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A Socio-Technical and Co-evolutionary Framework for Reducing Human-Related Risks in Cyber Security and Cybercrime Ecosystems

Part of the Communications in Computer and Information Science book series (CCIS,volume 1123)

Abstract

The focus on cyber security as an interaction between technical elements and humans has typically confined consideration of the latter to practical issues of implementation, conventionally those of ‘human performance factors’ of vigilance etc., ‘raising awareness’ and/or ‘incentivization’ of people and organizations to participate and adapt their behavior. But this is far too narrow a view that seriously constrains the ability of cyber security as a whole to adapt and evolve to keep up with adaptive, innovative attackers in a rapidly-changing technological, business and social landscape, in which personal preferences of users are also dynamically evolving.

While there is isolated research across different research areas, we noticed the lack of a holistic framework combining a range of applicable theoretical concepts (e.g., cultural co-evolution such as technological arms races, opportunity management, behavioral and business models) and technological solutions on reducing human-related risks in the cyber security and cybercrime ecosystems, which involve multiple groups of human actors including offenders, victims, preventers and promoters. This paper reports our ongoing work in developing such a socio-technical framework (1) to allow a more comprehensive understanding of human-related risks within cyber security and cybercrime ecosystems and (2) to support the design of more effective approaches to engaging individuals and organizations in the reduction of such risks. We are in the process of instantiating this framework to encourage behavioral changes in two use cases that capture diverse and complicated socio-technical interactions in cyber-physical systems.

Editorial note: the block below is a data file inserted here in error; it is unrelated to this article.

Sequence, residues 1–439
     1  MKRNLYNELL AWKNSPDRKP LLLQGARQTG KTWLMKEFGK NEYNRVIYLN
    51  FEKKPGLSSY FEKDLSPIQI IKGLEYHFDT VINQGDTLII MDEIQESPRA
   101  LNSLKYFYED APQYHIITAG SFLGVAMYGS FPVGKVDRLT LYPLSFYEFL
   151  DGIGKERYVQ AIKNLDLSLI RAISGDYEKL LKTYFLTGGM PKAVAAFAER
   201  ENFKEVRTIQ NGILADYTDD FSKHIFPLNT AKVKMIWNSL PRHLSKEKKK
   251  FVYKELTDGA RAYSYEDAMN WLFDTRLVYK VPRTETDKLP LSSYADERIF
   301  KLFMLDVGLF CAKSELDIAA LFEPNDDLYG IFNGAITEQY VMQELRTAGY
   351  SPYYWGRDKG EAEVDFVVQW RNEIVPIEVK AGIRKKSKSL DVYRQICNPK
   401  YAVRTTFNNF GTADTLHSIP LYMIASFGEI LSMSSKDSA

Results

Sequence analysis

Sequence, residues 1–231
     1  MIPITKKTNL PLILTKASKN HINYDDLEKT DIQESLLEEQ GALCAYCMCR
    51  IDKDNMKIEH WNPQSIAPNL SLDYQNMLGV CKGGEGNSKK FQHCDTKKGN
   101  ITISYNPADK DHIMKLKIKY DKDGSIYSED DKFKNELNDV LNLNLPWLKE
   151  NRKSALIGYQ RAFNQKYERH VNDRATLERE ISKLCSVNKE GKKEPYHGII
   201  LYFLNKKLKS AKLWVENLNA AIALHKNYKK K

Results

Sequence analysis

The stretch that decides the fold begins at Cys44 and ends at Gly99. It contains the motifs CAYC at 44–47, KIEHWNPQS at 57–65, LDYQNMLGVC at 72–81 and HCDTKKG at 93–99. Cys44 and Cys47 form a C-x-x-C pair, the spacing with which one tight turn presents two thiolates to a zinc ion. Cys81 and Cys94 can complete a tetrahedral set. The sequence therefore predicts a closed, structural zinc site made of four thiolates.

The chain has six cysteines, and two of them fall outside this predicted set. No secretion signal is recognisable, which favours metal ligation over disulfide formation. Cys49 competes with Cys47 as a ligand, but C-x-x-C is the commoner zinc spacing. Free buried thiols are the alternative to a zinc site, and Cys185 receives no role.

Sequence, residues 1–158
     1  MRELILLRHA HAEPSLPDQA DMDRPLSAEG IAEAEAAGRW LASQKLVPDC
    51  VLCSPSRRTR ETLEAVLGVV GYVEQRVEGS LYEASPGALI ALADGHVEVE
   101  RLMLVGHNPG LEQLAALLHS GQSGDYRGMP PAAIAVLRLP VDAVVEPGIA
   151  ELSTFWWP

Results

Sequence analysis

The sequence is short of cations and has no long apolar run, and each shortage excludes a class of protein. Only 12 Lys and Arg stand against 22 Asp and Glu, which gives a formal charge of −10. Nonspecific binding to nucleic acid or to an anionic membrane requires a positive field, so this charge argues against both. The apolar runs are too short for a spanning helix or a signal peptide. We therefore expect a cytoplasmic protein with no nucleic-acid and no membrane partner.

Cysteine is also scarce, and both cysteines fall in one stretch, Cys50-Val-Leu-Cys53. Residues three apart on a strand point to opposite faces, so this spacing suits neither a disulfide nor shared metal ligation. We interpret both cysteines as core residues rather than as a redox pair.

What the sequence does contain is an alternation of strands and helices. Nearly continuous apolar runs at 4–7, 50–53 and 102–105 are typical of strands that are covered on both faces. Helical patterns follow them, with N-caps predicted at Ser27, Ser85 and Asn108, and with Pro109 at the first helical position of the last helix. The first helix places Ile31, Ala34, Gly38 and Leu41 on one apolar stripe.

Keywords

  • Socio-technical
  • Framework
  • Human factors
  • Human behavior
  • Risk management
  • Cyber security
  • Cybercrime
  • Co-evolution
  • Ontology
  • Transportation
  • Human-as-a-Security-Sensor (HaaSS)
  • Crime prevention

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Notes

  1. 1.

    https://www.unodc.org/e4j/en/tertiary/cybercrime.html.

  2. 2.

    This is less straightforward for victim and promoter roles, as both could develop into preventers or even offenders.

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Acknowledgments

This work was supported by the research project, “ACCEPT: Addressing Cybersecurity and Cybercrime via a co-Evolutionary aPproach to reducing human-relaTed risks” (http://accept.cyber.kent.ac.uk/), funded by the EPSRC (Engineering and Physical Sciences Research Council) in the UK, under grant number EP/P011896/1 and EP/P011896/2.

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Islam, T. et al. (2019). A Socio-Technical and Co-evolutionary Framework for Reducing Human-Related Risks in Cyber Security and Cybercrime Ecosystems. In: Wang, G., Bhuiyan, M.Z.A., De Capitani di Vimercati, S., Ren, Y. (eds) Dependability in Sensor, Cloud, and Big Data Systems and Applications. DependSys 2019. Communications in Computer and Information Science, vol 1123. Springer, Singapore. https://doi.org/10.1007/978-981-15-1304-6_22

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